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Hard Drive Evolution – Part I

Evolution Of Man

Since RAID was originally designed to parallelize disk drives for performance and resiliency, it seems pretty obvious that data protection techniques like RAID are constrained by the technology of the disk, and later solid state, drives they protect. It seems appropriate at this point to take a brief detour from explaining how we protect data from problems with disk drives into how the disk drives themselves have evolved.

While the prep school I went to had a Selectric Terminal connected to a mainframe running APL at IBM Poughkeepsie, the first computer I ever got to lay my dirty little hands on, the Chemistry department’s PCP-8i[1] at university, didn’t have any disk storage.  Grad students had access to the two 280KB DECtape drives, but as a lowly freshman, I had to save my BASIC programs with the 10cps paper tape punch on the ASR-33 teletypes we used as terminals.

By the time I was using hard drives regularly, they broke down into two types; 14” ‘high performance” drives that used the SMD interface and the 5 ¼” ST-506 drives that are the direct ancestors of all the disks we use today.

In the next few posts I’m going to discuss the changes that have affected how we as enterprise or storage architects use disks, and eventually, the SSDs that have emulated them.

The first big change was when disk media stopped being removable. The old SMD drives, as shown above, used removable disk packs. Organizations used disk packs to load data on demand for batch jobs and for all the reasons we make copies today from backups to use as a transport medium. By the 80s increasing track density made pack interchangeability impractical.

Then RAID was such a success that disk drive vendors stopped developing new SLEDs just a few years after Patterson Et Al published their seminal paper. While technologies, like voice coil positioners that first appeared in SLEDs would soon become common all of today’s drives owe their lineage to the ST-506.

In these posts, I’ll pay more attention to things like logical block addressing, which changed how we accessed data than to perpendicular magnetic recording or even Winchester heads, that increased bit density w/o requiring any changes in how the disks were handled.

[1] I bought, but have not yet started assembling a PDP-8i replica kit powered by a Raspberry Pi that is supposed to actually run the OS-8 operating system.

  • Well, back in the day, if you were not attending college or working in a corporate or government organization, you really had limited access to disk-based data storage. The largest physical HDD I ever used was an 8-inch, 10MB HDD in an Onyx single-user system. The Onyx computer used a Zilog Z8000 CPU and the OASIS operating system developed by Tim Williams, which was derived from the PICK System which Dick Pick developed for the U.S. Army.

    The Apple III with its externally attached 5MB Profile HDD was Apple’s first “business” microcomputer and its first flop. The IBM XT with its 10MB internal HDD and its 8-bit Intel 8088 (technically 8/16-bit) became the first affordable “business” microcomputer that was wildly successful. It was replaced by the IBM AT with its 16-bit Intel 80286 CPU (later called brain dead by Bill Gates) and a 20MB internal HDD (the CMI made drives IBM supplied suffered high failure rates) but the IBM AT could be ordered without a HDD, so many IBM AT customers sourced their HDDs from other vendors.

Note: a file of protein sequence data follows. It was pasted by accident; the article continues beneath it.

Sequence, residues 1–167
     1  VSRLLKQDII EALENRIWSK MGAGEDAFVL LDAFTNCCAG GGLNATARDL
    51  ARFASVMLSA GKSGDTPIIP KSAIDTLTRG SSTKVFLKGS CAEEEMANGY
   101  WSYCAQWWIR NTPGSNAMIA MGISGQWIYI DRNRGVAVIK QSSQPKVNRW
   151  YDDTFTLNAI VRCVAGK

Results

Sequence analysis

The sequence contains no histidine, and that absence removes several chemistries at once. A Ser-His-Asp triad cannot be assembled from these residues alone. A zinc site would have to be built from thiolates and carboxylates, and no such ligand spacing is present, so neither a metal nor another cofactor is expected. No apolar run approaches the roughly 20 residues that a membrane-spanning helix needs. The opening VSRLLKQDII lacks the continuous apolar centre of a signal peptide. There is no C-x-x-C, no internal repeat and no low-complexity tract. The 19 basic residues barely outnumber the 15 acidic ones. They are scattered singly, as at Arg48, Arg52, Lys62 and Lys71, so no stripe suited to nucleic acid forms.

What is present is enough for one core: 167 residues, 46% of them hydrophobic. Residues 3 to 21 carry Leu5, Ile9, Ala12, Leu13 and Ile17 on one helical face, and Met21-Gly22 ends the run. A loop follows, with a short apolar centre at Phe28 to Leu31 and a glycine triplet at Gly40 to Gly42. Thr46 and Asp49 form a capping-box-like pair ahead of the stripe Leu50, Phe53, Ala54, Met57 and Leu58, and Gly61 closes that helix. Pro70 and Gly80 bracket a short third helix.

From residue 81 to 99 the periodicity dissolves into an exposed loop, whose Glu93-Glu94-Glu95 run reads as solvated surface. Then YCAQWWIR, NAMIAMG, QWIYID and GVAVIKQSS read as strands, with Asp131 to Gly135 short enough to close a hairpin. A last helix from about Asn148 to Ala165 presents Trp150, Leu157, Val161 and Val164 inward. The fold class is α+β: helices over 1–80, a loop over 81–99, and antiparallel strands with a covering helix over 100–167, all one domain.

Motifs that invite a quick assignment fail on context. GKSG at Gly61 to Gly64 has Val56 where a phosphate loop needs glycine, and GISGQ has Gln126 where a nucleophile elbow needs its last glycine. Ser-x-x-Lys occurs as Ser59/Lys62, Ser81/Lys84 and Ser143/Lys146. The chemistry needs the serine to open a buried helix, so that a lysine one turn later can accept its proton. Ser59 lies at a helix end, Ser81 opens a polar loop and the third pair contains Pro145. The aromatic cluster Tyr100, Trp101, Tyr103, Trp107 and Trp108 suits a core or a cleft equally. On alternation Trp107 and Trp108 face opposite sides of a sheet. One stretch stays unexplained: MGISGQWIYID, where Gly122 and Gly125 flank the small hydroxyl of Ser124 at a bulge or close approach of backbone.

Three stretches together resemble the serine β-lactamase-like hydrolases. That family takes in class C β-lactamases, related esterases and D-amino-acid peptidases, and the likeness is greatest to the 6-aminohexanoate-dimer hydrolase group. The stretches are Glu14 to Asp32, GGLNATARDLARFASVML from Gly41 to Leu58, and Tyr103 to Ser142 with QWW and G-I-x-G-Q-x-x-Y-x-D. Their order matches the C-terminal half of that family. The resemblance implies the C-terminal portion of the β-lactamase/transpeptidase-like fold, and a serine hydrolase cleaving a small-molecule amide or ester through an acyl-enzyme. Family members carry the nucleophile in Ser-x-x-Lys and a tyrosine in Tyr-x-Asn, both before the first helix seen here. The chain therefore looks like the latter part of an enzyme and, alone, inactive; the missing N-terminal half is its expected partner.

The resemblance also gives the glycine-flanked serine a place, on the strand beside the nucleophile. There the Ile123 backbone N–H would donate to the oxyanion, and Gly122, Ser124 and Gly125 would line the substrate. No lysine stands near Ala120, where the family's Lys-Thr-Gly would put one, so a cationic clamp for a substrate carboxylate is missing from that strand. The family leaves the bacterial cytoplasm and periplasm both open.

Back in this era of personal HDD storage you had to “marry” the disk controller (usually a WD1003 series) to the HDD by invoking debug to a memory location in the firmware of the disk controller in order to “low-level” format the HDD. Some vendors, like Novell, used a disk formatting procedure that required you to enter the “bad block” locations from the manufacturer’s label on the HDD as part of the process of preparing the HDD for use.

    We have indeed come a long way in the evolution of HDD storage and it doesn’t look like we have come to the end of the road quite yet for the venerable HDD.

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  • Gerald

    If this is an article about the evolution of disk drives, surely it should start with what storage was (Drums etc),before the introduction of the first disk drive in 1957, then what the first disk drives were like, instead of diving straight into PC disk mode

    • admin

      While I’d certainly be interested in reading a full history of data storage from relays and mercury delay lines to present I started in the industry in 1978 so I don’t have any experience with pre-disk, or even early disk, tech and as I wrote at the beginning of the blog I just wanted to explain the parts of disk technology that affect how disk drives are addressed.

      The full discussion of storage evolution you want would be at least 20,000 words, with a typical blog post being just 500, and I don’t have the time, interest or energy for a 40 part series in the middle of the data protection story I’m trying to tell.

      Please let me know when you’ve written the book you’re looking for, I’d be glad to buy a copy.

      – Howard

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